Which Brush Pens should I Buy?

Brush lettering has become increasingly popular over the last few years. Rather than the strict conventions of traditional calligraphy, brush lettering is more playful and less formal. I started my lettering journey by attending a workshop. It was a great way to learn the basics and to explore some of the techniques required. I have since learned lots from following the lovely Milly from Blink Lettering who wrote the beginners’ guide included tin our Lettering Box

When starting a new hobby, it is easy to get carried away and to splurge on lots of supplies. The idea of this blog post is to guide you through what is available to help you make informed choices before letting you loose in the shop.

Important questions to ask yourself before deciding ‘What sort of brush pens should I buy?’

  • What level of skill do you have?
  • What sort of paper are you going to write on?
  • What will the end results be used for?

If you are just starting out, it takes time to get the level of pressure right. You may find that your pens don’t last as long as the tips can become damaged by being dragged over the paper. This can also happen if you use cheap copier paper. Expensive pens need good quality paper in order to perform well and last a long time. Read more about choosing the right paper here.

You also need to think about the end results; does your design need to be colourfast? Will it be displayed in direct sunlight or are you just practising?

I started not with a pen at all but with a brush. The size will depend on the end results you want to achieve but a No. 4 is a good place to start. You can use a brush with waterbased or acrylic inks as well as paints. It provides you with great flexibility and is cheap to replace if you damage the bristles. The downside would be that it is much messier (can drip on your work, needs to be washed) and less portable.

An alternative to a traditional brush is a water brush. You can fill it with water and use it with ink or paint. Alternatively you can fill it with ink; once you’ve done that you will only be able to use it with ink going forward. They are available in different sizes and with different tips but tend to have synthetic bristles. Much more portable than a regular brush but can still be a little messier.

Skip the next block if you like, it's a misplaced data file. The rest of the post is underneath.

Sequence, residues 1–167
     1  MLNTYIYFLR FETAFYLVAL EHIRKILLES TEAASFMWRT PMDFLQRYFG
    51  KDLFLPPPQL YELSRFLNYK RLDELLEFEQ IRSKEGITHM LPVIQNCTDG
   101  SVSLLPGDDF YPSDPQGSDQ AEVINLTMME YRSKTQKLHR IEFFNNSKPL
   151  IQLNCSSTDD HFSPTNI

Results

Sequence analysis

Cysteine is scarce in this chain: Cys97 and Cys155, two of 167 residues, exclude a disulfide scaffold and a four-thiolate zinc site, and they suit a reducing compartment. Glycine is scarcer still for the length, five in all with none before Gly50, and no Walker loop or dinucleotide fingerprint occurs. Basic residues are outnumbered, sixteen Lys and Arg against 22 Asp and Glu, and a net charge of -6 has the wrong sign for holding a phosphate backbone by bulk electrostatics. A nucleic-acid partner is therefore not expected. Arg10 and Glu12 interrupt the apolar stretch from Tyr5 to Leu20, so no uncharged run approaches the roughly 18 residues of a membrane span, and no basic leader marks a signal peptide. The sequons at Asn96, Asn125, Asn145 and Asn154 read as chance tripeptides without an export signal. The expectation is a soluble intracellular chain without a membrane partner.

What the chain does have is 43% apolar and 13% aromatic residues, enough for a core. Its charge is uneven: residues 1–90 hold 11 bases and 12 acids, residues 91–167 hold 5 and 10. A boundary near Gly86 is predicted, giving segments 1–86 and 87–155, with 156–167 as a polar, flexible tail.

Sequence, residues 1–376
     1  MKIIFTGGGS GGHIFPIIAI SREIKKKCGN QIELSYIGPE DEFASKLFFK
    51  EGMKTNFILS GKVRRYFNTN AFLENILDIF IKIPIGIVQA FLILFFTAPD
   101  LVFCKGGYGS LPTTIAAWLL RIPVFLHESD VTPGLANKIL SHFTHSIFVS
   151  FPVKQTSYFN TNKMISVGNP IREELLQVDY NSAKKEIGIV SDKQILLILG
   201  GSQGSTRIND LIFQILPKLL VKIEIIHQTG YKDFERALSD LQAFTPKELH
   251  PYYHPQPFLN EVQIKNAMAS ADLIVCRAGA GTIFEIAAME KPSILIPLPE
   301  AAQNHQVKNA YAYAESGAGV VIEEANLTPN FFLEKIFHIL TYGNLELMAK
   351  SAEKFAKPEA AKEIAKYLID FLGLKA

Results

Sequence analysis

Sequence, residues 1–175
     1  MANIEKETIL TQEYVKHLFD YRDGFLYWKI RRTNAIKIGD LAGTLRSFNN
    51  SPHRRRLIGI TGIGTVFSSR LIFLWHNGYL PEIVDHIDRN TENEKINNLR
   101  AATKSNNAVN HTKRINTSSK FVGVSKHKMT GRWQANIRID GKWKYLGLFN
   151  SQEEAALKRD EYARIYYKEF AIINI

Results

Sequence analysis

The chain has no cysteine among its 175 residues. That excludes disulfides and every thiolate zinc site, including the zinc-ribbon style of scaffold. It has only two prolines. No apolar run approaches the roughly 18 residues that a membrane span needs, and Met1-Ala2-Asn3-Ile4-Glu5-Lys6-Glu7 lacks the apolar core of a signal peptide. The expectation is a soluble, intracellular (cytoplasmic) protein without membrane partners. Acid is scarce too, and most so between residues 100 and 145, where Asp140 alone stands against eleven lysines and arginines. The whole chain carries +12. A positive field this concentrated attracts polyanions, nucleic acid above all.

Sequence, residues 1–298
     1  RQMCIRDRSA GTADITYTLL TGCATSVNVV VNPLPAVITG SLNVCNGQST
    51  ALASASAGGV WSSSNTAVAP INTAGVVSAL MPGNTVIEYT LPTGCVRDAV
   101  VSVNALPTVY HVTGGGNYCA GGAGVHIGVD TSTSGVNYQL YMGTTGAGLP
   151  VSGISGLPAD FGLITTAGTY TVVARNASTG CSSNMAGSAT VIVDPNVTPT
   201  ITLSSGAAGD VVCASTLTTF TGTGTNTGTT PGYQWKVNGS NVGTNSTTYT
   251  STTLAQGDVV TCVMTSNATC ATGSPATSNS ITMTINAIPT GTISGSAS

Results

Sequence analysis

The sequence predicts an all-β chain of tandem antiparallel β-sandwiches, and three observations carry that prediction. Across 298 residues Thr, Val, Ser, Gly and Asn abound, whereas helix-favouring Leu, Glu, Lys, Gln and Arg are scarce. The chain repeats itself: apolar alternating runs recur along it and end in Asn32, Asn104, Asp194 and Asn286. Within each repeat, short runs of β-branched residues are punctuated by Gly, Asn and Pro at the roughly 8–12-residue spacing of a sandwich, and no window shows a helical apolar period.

If you don’t fancy a brush, don’t worry. There is an almost endless range of pens out there to try. I’m going to talk in this post about pens I have personally tried. Yes, I do have quite a collection!

What sort of brush pens will suit me best?

You need to consider:

  • Colour range;
  • Flexibility;
  • Size;
  • Ink type;
  • Ink flow.

If you are totally new to lettering and want robust pens you can play with then Crayola Supertips are a popular choice. Not just for children, their solid but pointed tip allows you to get thin and thick lines. They come in a wide range of colours (100) and definitely won’t break the bank. The ink is washable making these a great choice for younger letterers or those who like to make a mess. The downside is that they don’t have a brush tip so the technique is quite different.

My next step after a brush was the Tombow Fudenosuke which is available in 10 colours and with soft or hard tips. I got mine as part of the Tombow Lettering starter kit which is a great way of trying both a small and large brush pen.  The hard tip is ideal for smaller lettering as the brush tip has less flexibility enabling you to be more precise. The ink is waterbased and they pens are made from 50% recycled plastic.

The Tombow Beginner’s Lettering set also contains one of the most popular brush pens on the market, the ABT dual brush pen. The ‘dual’ refers to the two tips: one flexible mid-firm brush tip and one fine tip (ideal for touching up your lettering and adding finer details). The ink is also waterbased and so can be used with water or a blender pen to create watercolour effects. Availabe in 107 colours plus and colourless blender.